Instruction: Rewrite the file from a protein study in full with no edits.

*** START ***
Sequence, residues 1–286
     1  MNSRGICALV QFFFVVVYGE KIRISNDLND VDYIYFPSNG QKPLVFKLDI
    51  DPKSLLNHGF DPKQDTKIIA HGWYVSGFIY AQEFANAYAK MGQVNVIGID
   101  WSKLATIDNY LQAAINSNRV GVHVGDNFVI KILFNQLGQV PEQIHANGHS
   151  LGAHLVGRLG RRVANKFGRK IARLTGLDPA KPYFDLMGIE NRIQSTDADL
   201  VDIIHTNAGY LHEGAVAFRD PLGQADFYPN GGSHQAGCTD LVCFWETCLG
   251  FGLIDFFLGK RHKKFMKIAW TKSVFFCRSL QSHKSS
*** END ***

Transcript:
Sequence, residues 1–286
     1  MNSRGICALV QFFFVVVYGE KIRISNDLND VDYIYFPSNG QKPLVFKLDI
    51  DPKSLLNHGF DPKQDTKIIA HGWYVSGFIY AQEFANAYAK MGQVNVIGID
   101  WSKLATIDNY LQAAINSNRV GVHVGDNFVI KILFNQLGQV PEQIHANGHS
   151  LGAHLVGRLG RRVANKFGRK IARLTGLDPA KPYFDLMGIE NRIQSTDADL
   201  VDIIHTNAGY LHEGAVAFRD PLGQADFYPN GGSHQAGCTD LVCFWETCLG
   251  FGLIDFFLGK RHKKFMKIAW TKSVFFCRSL QSHKSS